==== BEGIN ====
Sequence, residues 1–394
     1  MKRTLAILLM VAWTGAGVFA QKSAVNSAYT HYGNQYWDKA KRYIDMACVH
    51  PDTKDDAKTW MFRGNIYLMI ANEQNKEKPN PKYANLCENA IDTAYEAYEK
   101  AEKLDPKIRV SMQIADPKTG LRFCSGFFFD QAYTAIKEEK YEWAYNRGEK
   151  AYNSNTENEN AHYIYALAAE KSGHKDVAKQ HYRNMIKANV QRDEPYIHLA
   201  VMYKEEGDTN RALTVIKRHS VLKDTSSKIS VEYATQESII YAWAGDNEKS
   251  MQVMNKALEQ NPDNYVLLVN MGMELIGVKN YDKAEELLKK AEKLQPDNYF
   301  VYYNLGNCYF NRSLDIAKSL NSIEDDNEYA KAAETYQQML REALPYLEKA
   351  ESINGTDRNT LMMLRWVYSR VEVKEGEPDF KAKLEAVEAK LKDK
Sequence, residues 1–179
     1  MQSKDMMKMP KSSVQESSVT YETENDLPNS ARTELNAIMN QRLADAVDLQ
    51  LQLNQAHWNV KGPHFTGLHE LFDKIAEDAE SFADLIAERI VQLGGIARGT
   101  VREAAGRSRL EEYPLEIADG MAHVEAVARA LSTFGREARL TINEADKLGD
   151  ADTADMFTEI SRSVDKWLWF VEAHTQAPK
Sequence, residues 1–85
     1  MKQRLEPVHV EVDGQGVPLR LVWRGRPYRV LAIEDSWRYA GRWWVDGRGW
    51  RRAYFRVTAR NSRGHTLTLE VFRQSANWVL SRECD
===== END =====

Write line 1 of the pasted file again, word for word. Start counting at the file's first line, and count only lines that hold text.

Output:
Sequence, residues 1–394